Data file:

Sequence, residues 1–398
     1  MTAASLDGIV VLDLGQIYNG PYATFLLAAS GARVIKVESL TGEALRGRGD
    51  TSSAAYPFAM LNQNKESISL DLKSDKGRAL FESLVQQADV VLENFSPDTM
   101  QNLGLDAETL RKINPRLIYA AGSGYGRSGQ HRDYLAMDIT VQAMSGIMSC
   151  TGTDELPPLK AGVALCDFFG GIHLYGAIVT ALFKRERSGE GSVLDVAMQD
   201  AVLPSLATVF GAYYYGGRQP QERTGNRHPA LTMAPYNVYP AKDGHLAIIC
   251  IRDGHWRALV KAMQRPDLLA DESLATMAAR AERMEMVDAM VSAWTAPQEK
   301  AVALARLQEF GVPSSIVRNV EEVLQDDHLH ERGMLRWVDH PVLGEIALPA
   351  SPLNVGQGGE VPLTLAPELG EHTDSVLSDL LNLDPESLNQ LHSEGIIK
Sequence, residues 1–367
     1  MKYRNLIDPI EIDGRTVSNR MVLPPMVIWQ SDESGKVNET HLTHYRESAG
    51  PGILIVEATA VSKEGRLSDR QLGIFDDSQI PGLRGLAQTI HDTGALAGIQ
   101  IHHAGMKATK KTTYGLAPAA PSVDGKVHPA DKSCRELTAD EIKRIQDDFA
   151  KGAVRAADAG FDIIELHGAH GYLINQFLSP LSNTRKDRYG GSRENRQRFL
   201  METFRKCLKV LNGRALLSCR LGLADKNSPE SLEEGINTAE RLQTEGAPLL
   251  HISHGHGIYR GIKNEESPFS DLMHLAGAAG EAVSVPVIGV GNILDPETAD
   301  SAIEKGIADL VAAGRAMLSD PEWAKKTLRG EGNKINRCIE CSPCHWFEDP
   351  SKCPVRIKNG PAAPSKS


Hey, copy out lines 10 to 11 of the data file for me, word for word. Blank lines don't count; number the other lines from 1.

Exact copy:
Sequence, residues 1–367
     1  MKYRNLIDPI EIDGRTVSNR MVLPPMVIWQ SDESGKVNET HLTHYRESAG